Don’t think about coming here – Just do it!

by Sara Barton, 14th July 2022
Dumfries & Galloway Insider | Stuart Paterson | Ellisland Farm
Don’t think about coming here – Just do it!
Stuart Paterson, poet and volunteer guide talks about connecting with Robert Burns and the landscape around Burns’s former home, Ellisland.

Former BBC Scotland Poet in Residence Stuart Paterson lives by the Solway Firth in Dumfries and Galloway and gives up some of his time to volunteer as a guide at Ellisland Museum and Farm, first family home of Robert Burns and his wife, Jean Armour and their children.

The similarities are striking. Both men were born in Ayrshire, both poets writing in the English and the Scots languages. And both found themselves coming and settling in Dumfries and Galloway for work, inspired by the landscapes around them.

Of course there are more than 230 years separating Robert Burns and Stuart Paterson, but as Paterson sits in the kitchen at Ellisland Farm he reflects on what Burns achieved in his time here.

“While he was here for a reasonably short space of time, three years, he wrote some of the most amazing work that’s known the world over – not just in Dumfries and Galloway, or the south of Scotland, but the entire world over,” says Paterson, referring to works such as Tam o Shanter and Auld Lang Syne.

Inspirational landscapes

Paterson is equally inspired by the landscape of the south of Scotland, travelling frequently throughout the region – he originally came to be writer-in-residence for Dumfries & Galloway in the late 90s and settled, beguiled by the landscapes and people around him.

“If it’s up the coast, if it’s inland, if it’s into the hills, if it’s into the towns, they all have different stories to tell. They all have a rich cultural history to let us know about when we’re there. And people are always quick to tell you why their place is one of the best,” smiles Paterson. “And they’re usually right I have to say!”

Like Burns before him, Paterson writes frequently in the Scots language. He points to its noble history as the language of the Royal Scottish court, and of the Scottish legal system dating back in written form more than 800 years.

“It’s the language that we talk every day. So, to me, it’s not just a privilege, it’s just something I would do anyway, because that’s what we are – Scottish,” he reflects.

Stuart Paterson by the desk of Robert Burns at Ellisland Farm, Dumfrieeshire

Unique tourist offering

As one who lives and loves the land surrounding him, Paterson is keen to explain the unique offering to be found in the South of Scotland as a tourist destination, especially for those who want to get away from busier alternatives.

“There’s always something beautiful, something I’ve never seen before. That is just amazing to me,” reflects Paterson. “Just the views and the feeling that you can walk for hours and hours on end and not meet anybody else.”

I don’t think it matters when you come! It’s Scotland! You’ve got to do what the weather tells you. But if you can come in the season -Spring, Summer, Autumn – when you get more light to see the views – to see the places,  to see the coast, to see the hills.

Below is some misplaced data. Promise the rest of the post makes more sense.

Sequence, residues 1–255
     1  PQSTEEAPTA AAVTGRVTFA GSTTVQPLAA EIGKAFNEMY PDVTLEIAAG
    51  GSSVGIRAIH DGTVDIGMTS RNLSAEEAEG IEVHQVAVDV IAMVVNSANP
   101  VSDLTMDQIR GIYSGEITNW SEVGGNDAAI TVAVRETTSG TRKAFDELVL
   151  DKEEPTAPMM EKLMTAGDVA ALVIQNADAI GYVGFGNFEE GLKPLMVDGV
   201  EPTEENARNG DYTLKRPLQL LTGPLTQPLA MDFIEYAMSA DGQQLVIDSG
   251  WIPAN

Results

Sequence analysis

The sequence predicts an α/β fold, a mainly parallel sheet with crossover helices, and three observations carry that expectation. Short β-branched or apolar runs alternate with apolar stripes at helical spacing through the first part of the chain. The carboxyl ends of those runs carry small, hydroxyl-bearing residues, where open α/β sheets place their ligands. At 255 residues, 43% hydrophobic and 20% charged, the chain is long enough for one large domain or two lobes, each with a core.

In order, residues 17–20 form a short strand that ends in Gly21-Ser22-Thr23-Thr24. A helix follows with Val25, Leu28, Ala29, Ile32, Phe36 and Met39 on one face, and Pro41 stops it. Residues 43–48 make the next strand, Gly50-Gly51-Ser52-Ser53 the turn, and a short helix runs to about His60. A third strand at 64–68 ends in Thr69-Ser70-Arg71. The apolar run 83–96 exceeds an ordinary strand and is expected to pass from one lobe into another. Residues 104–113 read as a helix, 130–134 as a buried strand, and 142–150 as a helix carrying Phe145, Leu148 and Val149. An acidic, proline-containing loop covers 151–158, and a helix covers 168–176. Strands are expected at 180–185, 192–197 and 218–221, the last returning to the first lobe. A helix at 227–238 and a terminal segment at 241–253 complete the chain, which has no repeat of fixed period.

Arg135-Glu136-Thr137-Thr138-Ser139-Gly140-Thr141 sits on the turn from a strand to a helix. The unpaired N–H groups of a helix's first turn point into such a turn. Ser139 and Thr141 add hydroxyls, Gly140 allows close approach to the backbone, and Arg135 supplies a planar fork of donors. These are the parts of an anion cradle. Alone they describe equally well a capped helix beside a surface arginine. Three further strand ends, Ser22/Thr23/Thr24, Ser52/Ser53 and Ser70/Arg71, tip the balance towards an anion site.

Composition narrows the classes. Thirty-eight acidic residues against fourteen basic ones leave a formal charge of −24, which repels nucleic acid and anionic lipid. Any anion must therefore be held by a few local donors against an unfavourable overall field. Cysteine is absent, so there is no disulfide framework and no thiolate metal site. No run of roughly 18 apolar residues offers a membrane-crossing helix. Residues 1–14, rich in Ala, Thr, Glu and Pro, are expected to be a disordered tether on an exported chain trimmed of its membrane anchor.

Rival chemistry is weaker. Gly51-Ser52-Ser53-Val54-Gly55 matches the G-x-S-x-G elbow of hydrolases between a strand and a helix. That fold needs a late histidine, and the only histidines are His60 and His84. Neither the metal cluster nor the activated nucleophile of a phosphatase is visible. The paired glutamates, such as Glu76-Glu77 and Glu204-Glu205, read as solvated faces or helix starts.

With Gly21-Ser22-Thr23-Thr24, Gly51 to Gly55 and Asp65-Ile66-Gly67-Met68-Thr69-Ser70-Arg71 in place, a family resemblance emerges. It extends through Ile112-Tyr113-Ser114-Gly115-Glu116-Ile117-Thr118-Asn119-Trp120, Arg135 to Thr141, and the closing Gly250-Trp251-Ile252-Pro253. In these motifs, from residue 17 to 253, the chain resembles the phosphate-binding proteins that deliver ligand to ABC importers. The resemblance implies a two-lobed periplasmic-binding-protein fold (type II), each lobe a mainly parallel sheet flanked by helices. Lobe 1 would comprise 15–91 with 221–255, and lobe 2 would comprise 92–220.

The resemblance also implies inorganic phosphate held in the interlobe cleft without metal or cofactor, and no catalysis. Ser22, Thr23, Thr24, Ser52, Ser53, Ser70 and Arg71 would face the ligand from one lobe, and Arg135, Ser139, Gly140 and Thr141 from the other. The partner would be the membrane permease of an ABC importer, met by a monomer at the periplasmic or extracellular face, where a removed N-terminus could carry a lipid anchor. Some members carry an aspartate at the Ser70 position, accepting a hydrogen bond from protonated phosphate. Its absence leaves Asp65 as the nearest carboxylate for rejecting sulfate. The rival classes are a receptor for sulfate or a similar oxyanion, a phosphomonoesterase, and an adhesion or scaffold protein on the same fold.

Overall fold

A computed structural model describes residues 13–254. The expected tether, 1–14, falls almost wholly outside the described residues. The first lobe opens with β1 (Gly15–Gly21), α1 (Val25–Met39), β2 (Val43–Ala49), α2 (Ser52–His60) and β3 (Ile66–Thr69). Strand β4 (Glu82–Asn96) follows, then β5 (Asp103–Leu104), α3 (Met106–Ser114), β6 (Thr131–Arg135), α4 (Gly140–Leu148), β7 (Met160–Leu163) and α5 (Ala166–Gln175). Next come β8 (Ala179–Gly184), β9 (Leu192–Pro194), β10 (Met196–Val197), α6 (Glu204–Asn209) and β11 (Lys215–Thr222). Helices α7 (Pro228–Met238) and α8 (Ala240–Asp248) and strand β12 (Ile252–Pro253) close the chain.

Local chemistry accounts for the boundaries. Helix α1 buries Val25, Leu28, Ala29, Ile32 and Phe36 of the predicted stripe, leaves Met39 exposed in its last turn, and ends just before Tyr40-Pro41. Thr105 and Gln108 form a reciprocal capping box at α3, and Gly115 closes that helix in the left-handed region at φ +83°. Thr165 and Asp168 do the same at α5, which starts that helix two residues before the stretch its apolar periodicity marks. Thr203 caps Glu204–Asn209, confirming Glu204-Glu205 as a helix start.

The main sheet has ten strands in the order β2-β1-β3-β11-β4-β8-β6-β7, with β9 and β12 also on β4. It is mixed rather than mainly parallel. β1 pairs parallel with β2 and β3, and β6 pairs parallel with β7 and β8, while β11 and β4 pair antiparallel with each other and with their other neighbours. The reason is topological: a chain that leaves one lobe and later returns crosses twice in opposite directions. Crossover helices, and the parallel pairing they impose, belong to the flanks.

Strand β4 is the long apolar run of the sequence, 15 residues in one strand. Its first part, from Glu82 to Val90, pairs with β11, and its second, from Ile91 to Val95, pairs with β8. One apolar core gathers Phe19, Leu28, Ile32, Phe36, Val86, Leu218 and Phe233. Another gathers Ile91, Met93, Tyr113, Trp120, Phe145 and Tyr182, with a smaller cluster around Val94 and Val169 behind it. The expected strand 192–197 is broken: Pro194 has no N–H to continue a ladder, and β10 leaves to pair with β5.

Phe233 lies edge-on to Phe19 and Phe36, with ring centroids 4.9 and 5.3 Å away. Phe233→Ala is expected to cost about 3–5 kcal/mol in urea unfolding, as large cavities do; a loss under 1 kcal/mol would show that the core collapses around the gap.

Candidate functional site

Stuart Paterson

He is amazed that people concentrate on heading up to the hills of the Highlands, while ignoring the Galloway Hills in the south which are geographically so much closer for many people to visit.

There are so many hills to climb! View from the Merrick towards Loch Enoch, Galloway Forest Park.

“We have big hills – but people don’t realize that when they travel up towards the north they pass the first and possibly one of the best [hill walking areas] which is the Galloway Hills.”

But once they have discovered it, Paterson knows they are hooked. “When they come here the first time, it’s not the last time!” he laughs. “This is an absolutely beautiful area that’s full of things you won’t know about and you’ll find out about that will make you want to come back here.”

Sustainable exploring

And in a day when tourism is about sustainability, Paterson advocates getting out into the landscape on your own two feet.

“Just go somewhere and walk all day. Between coast and hill. Or forest and town. You’ll see it all in the space of a day just by walking. Wherever you go, you’re going to find something that’s going to inspire you,” says the poet who is regularly inspired in his writing by the Galloway landscapes, its people and their stories.

Stuart’s Five Sights

Wigtown, Scotland’s Book Town, is a must visit for Stuart Paterson.
  • Wigtown: Scotland’s national book town in the west of Galloway. It is full of bookshops and it has an amazing book festival every year.
  • Mull of Galloway Lighthouse: On the southernmost tip of Scotland, there is the fantastic Stevenson lighthouse. It’s also a RSPB reserve.
  • Glen Trool, Galloway Forest Park: See the stone commemorating where Robert the Bruce had a famous battle of the start of the Scottish Wars of Independence, walk around Loch Trool, or up the Merrick, the highest peak in the south of Scotland.
  • Ellisland: the farm where Burns first lived with wife Jean Armour
  • Dumfries: The town where Burns moved after he left Ellisland – there is a Burns Trail and much more to see and do.